The announcement is part of several deployment notices the service released Thursday, listing units scheduled to deploy to Afghanistan, Iraq, Europe and Kuwait over the next six months, according to a U.S. Army press release.
The 2nd SFAB, stationed at Fort Bragg, North Carolina, is one of six specialized Army brigades being activated to assume the permanent mission of training, advising and assisting the conventional military forces of friendly nations.
The unit is scheduled to do a training rotation at the National Training Center before it deploys, Brig. Gen. Donn Hill, commander of 2nd SFAB, said in the release.
"The 2nd SFAB is a conventional unit with a special mission ready to answer the nation’s call," he said. "We will build upon the success of the 1st SFAB and allies as we partner with Resolute Support forces and Afghan National Security Forces to build long-term stability through credible and ready security forces."
The Army National Guard recently announced it is activating the Army’s sixth SFAB, with battalions based in six states. The service’s five active-duty SFABs are based in Georgia, North Carolina, Colorado, Washington and Texas.
In addition to the 2nd SFAB’s deployment, three other units are scheduled to deploy to Afghanistan next year.
The 1st Armored Division Combat Aviation Brigade, stationed at Fort Bliss, Texas, will replace the 101st Airborne Division (Air Assault) Combat Aviation Brigade as part of a regular rotation of forces in support of Operation Freedom’s Sentinel.
"The ‘Iron Eagles’ look forward to working with our Afghan and regional partners, said Col. Jay Hopkins, commander of 1st Armored Division CAB. "We are a trained combat aviation brigade, which is prepared to conduct a full range of operations in support of Operation Freedom’s Sentinel."
The 1st Cavalry Division Headquarters, out of Fort Hood, Texas, will also deploy to Afghanistan to replace the 40th Infantry Division Headquarters, California Army National Guard, as part of a rotation to support Freedom’s Sentinel.
"The troopers of the 1st Cavalry Division headquarters are well trained and prepared to return to the OFS mission in Afghanistan," said Maj. Gen. Paul Calvert, commander of 1st Cavalry Division. "Our professional leaders and troopers will train, advise, and assist our Afghan Security Force partners as they continue to build upon and enhance their capability to provide for the security of the Afghan people."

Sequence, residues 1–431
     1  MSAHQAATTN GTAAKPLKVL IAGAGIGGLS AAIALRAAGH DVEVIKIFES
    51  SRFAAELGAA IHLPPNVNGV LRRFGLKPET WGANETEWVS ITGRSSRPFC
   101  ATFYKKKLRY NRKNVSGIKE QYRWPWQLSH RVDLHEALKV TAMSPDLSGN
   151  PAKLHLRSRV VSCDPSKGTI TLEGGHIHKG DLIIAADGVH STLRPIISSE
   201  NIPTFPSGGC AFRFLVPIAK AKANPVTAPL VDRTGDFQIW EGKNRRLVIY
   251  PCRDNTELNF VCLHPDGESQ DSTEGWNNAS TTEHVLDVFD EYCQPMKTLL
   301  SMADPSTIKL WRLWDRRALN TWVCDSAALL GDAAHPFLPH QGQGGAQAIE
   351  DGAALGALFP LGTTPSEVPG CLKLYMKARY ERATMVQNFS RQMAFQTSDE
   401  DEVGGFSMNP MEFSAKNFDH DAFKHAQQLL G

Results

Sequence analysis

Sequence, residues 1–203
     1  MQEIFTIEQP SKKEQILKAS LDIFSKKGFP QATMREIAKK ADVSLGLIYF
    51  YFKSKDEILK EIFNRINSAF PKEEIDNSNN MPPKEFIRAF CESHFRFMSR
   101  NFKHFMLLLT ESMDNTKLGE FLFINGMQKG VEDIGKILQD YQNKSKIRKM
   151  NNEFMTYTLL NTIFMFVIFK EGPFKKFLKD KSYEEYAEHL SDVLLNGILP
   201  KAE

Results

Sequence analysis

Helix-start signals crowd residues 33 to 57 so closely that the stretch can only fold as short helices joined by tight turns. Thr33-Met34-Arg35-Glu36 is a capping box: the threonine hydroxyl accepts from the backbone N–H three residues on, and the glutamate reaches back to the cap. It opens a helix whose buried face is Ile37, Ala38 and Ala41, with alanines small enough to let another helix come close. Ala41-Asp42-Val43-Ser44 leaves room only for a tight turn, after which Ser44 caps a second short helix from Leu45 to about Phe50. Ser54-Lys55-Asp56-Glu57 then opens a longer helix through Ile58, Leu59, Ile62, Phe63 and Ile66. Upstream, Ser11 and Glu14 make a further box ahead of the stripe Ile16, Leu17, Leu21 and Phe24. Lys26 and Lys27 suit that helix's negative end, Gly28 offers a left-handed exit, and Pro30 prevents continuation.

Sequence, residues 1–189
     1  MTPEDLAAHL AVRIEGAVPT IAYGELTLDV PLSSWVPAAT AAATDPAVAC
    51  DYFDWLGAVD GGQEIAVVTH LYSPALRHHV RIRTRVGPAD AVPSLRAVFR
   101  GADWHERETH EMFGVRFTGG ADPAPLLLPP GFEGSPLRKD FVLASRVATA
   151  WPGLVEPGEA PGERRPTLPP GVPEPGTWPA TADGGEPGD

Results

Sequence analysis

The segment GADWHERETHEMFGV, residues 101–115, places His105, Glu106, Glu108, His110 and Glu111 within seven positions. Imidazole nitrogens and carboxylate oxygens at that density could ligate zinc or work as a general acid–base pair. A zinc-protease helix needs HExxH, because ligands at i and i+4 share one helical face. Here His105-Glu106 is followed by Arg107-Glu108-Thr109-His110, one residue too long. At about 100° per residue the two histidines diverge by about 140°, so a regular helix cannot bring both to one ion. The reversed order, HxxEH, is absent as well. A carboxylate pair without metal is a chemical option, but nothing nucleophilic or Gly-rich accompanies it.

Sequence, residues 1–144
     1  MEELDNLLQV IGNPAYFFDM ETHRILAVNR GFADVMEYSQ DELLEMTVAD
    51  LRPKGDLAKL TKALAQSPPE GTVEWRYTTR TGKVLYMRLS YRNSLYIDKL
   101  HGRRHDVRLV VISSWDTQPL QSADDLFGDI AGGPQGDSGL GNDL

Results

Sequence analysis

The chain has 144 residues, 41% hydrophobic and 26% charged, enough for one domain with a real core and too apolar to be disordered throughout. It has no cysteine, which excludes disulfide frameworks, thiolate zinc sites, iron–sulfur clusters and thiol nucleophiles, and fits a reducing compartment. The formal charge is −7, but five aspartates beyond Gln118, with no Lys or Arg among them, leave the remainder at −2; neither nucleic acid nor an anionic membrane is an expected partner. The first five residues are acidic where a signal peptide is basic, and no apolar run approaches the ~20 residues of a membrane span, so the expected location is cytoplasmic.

The 1st Infantry Division Sustainment Brigade, based at Fort Riley, Kansas, is scheduled to replace the 101st Airborne Division Sustainment Brigade stationed at Fort Campbell, Kentucky, to support Freedom’s Sentinel.
Before the end of the year, the 101st Airborne’s 1st Brigade Combat Team will deploy to Iraq to replace 3rd Cavalry Regiment as part a rotation to support Operation Inherent Resolve.
"Our soldiers are well trained and ready for this important mission," said Col. Derek Thomson, 1st BCT commander. I am proud of all their hard work and commitment, and grateful for the support we’ve received from our families and the Fort Campbell community."
The Army also announced two deployments to Europe scheduled for the coming winter.
The 1st Brigade Combat Team, 1st Infantry Division, from Fort Riley, will replace 1st Armored Brigade Combat Team, 1st Cavalry Division, stationed at Fort Hood, as part a rotation to Europe in support of Operation Atlantic Resolve.
"After spending the last several months conducting an intensive and comprehensive training cycle that included a National Training Center rotation, the Devil Brigade is looking forward to deploying to Europe in support of the Atlantic Resolve mission," said Col. Charles Armstrong, commander of the 1st BCT.
In addition, the 1st Infantry Division Combat Aviation Brigade will replace 4th Infantry Division CAB, stationed at Fort Carson, Colorado, in support of Operation Atlantic Resolve.
"The 1st CAB is excited to deploy to Europe to support our allies and regional partners," said Col. Ronald Black, commander of the 1st Infantry Division Combat Aviation Brigade. "The CAB has been busy building readiness at Fort Riley, Kansas, and we stand ready to take on any mission that is required."
The Army also announced it will deploy the 3rd Armored Brigade Combat Team, 4th Infantry Division, stationed at Fort Carson, to Kuwait in the spring to replace the 155th Armored Brigade Combat Team, Mississippi Army National Guard, to support of Operation Spartan Shield.
"We are honored to support U.S. Central Command as well as our Middle East allies in the coming months," said Col. Michael Simmering, commander of the 3rd Armored Brigade Combat Team. "We are equally proud of our Iron Brigade soldiers and all that they have accomplished over the past year as we returned from deployment in Europe, refocused our efforts on other threats to our nation, re-trained and prepared to deploy again."
Yahoo: US veterans, including many women, seek to serve anew in Congress
Georgetown (United States) (AFP) – America’s military veterans are taking the leap from battlefield to ballot in large numbers in 2018, aiming to bring their discipline, can-do problem-solving, and country-before-party sense of duty to Congress.
Washington may well need them. The US Senate and House of Representatives are gridlocked, Donald Trump’s presidency has deepened the partisan divide, and approval ratings for Congress hover at just 19 percent.
Veterans, mostly men, have long served in Congress but their percentage has plunged, from a high of more than 70 percent in the early 1970s to about 20 percent today.